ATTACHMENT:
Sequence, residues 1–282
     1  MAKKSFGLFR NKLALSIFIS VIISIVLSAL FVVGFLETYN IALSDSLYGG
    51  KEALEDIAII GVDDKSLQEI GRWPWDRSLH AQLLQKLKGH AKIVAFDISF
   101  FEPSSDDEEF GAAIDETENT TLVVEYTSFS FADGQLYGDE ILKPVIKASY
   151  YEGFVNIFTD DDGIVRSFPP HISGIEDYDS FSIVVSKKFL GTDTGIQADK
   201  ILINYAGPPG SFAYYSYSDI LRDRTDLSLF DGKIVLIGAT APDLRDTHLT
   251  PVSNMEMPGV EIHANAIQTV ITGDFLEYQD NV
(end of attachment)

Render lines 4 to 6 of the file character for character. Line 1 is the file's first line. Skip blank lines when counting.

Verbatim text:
   101  FEPSSDDEEF GAAIDETENT TLVVEYTSFS FADGQLYGDE ILKPVIKASY
   151  YEGFVNIFTD DDGIVRSFPP HISGIEDYDS FSIVVSKKFL GTDTGIQADK
   201  ILINYAGPPG SFAYYSYSDI LRDRTDLSLF DGKIVLIGAT APDLRDTHLT